Ownership of the company(ies): closely linked with the theme of succession within the family, the most common questions concern the concept of fairness in the shareholding that each one is entitled to, frequently linked to the discussion about who contributed most to the creation and growth of the company and who, logically, would be entitled to a greater participation.

Proposed solutions: (i) shareholders' meetings may determine the criteria for these assignments; (ii) the statute or the articles of association, if well prepared under the care of an experienced professional, can establish fair rules; and (iii) shareholders' agreements can elaborate guidelines that come to be accepted by all.

Conducting business: here are concentrated the problems and discussions that seem to be more difficult to solve and that tend to have a more serious impact on the activities of the company(ies), as often each individual feels as if he or she has the solutions and more appropriate ideas regarding the conduct of business.

Proposed solutions: (i) set up a robust corporate governance structure, which allows well-defined lines of decisions to be followed, as long as the processes are not “immobilized”; (ii) create firm compliance rules in the areas of legal, regulatory, tax and environmental matters; and (iii) create, implement and operate robust internal control systems. Again, the intervention of experienced professionals to guide these processes is highly recommended.

Succession: disagreements about succession in corporate management positions are perhaps the most frequently encountered in reality and can have a devastating effect on the conduct of social business.

Proposed solutions: (i) have clear definitions about the structure and roles of each one; (ii) set up and operate a performance appraisal system that is as objective as possible; and (iii) encourage family members who are interested in running the business to follow university or specialization courses that will qualify them for their future roles in the company(ies).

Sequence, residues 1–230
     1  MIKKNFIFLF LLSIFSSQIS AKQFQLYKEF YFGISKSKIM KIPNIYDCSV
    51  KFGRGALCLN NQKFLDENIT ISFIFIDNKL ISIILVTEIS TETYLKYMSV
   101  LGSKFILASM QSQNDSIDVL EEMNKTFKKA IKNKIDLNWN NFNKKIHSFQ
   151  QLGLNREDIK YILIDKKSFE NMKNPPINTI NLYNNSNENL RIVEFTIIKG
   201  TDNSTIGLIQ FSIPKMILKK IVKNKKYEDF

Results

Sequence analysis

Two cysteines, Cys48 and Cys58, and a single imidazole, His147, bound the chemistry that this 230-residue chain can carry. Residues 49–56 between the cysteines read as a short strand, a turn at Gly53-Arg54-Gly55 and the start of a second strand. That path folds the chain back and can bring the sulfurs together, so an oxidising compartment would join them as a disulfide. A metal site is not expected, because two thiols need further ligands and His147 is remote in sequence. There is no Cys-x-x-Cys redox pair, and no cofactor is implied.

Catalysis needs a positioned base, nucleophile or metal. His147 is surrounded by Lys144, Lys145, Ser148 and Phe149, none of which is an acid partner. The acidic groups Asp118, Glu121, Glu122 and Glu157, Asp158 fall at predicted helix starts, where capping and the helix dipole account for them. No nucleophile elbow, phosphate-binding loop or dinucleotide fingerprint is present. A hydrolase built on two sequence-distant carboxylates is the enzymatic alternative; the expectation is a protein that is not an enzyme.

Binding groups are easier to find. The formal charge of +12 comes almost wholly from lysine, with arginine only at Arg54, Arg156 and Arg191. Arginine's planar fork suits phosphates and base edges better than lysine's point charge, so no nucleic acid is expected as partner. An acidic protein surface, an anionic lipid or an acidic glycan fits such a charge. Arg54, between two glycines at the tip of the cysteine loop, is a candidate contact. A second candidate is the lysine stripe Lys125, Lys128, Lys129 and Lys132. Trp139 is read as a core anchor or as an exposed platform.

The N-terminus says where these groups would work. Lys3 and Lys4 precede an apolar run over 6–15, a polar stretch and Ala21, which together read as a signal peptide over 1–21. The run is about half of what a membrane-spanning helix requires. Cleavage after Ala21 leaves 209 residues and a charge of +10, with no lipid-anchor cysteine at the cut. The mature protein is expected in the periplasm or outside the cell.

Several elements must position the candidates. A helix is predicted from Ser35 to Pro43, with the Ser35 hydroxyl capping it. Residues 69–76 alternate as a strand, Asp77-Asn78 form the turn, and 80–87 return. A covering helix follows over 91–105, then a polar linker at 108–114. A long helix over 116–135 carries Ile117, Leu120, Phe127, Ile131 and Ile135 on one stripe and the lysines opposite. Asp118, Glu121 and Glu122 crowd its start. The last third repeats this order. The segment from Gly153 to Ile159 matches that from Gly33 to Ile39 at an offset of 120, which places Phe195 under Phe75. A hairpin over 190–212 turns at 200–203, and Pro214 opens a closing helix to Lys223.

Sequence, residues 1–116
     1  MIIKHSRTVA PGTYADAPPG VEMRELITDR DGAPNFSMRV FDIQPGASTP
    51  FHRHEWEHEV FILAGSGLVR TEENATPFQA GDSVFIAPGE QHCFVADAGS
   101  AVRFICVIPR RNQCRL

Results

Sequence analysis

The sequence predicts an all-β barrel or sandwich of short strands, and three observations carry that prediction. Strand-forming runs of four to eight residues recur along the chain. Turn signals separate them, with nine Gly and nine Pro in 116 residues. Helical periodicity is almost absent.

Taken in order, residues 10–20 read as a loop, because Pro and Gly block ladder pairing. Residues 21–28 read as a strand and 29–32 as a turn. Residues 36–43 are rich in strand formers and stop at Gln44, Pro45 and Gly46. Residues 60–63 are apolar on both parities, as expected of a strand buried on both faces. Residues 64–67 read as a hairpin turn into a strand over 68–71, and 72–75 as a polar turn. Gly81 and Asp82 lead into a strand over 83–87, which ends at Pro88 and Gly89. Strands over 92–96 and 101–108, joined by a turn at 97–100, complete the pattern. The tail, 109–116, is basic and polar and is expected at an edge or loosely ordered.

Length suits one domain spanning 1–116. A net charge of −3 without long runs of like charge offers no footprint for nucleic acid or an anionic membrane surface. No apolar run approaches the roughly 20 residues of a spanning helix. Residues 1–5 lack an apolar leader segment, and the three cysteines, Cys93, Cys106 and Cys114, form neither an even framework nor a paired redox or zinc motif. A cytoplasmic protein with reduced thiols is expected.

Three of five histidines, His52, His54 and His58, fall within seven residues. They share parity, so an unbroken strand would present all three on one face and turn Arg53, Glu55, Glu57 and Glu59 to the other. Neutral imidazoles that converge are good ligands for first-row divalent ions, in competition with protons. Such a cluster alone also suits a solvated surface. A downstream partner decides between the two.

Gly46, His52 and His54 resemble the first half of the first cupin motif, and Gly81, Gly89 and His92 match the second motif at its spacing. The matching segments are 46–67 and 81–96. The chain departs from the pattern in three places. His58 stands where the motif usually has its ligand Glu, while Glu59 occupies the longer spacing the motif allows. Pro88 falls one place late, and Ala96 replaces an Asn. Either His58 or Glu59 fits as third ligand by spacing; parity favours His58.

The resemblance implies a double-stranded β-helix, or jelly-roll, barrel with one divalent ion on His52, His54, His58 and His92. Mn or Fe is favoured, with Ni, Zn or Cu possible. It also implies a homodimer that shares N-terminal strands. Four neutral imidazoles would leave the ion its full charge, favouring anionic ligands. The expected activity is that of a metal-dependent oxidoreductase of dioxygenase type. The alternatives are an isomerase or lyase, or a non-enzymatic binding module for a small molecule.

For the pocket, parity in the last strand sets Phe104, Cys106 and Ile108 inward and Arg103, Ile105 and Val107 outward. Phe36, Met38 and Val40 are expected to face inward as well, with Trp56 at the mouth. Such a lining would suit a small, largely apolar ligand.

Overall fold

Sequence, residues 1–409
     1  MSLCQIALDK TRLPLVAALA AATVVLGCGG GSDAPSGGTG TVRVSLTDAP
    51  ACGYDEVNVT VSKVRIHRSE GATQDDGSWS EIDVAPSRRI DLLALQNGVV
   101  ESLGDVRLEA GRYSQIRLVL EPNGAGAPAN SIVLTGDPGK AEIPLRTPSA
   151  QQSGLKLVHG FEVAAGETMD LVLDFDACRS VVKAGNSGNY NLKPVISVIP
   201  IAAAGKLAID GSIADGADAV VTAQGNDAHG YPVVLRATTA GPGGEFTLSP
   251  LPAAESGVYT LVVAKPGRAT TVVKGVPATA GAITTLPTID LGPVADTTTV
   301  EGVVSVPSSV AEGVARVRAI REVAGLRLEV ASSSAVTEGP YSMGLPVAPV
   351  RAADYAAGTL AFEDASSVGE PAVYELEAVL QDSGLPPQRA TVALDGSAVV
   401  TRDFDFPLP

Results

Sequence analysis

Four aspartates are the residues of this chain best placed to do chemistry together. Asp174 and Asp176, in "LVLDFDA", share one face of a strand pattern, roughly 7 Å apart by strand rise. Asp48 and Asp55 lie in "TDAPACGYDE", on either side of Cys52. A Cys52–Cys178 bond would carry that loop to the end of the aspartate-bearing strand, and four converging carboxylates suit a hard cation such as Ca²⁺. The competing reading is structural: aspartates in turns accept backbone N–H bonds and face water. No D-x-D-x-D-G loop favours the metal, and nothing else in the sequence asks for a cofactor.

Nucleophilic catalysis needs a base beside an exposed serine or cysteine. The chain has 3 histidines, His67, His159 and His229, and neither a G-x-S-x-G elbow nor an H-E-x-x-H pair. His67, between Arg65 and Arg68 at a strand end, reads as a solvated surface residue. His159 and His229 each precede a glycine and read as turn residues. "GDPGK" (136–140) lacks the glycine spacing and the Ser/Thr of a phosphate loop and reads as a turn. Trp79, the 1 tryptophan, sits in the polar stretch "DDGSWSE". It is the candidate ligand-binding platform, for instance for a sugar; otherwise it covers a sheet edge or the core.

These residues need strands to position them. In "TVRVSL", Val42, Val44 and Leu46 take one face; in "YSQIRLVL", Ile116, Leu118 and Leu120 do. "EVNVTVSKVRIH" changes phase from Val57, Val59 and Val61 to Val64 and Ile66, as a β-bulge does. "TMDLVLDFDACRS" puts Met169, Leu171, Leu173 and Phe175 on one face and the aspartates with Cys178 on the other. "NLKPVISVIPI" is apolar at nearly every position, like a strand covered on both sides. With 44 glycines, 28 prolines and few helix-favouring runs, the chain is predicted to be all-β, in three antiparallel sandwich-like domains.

Financial and investment issues: these issues are usually related to the remuneration of family members who work in the organization and those who simply hold equity interests and receive profits or dividends.

Proposed solutions: (i) include these aspects in the bylaws, contracts or shareholders'/quotaholder agreements; (ii) conduct the remuneration system according to functions, in accordance with the aforementioned performance evaluation system; (iii) leave an “open door” for those shareholders/shareholders who wish to enter the organization's management structure and (iv) establish very clear rules regarding the reinvestment of profits, so as not to harm those who are only shareholders /shareholders.

In conclusion, running a business can bring many challenges. The existence of numerous successful family organizations that are examples of growth and governance shows us that just as there are problems, there are also ways forward. The most important factor is to create a culture of seeking support from experienced professionals who can help overcome obstacles, both in family relationships and in business.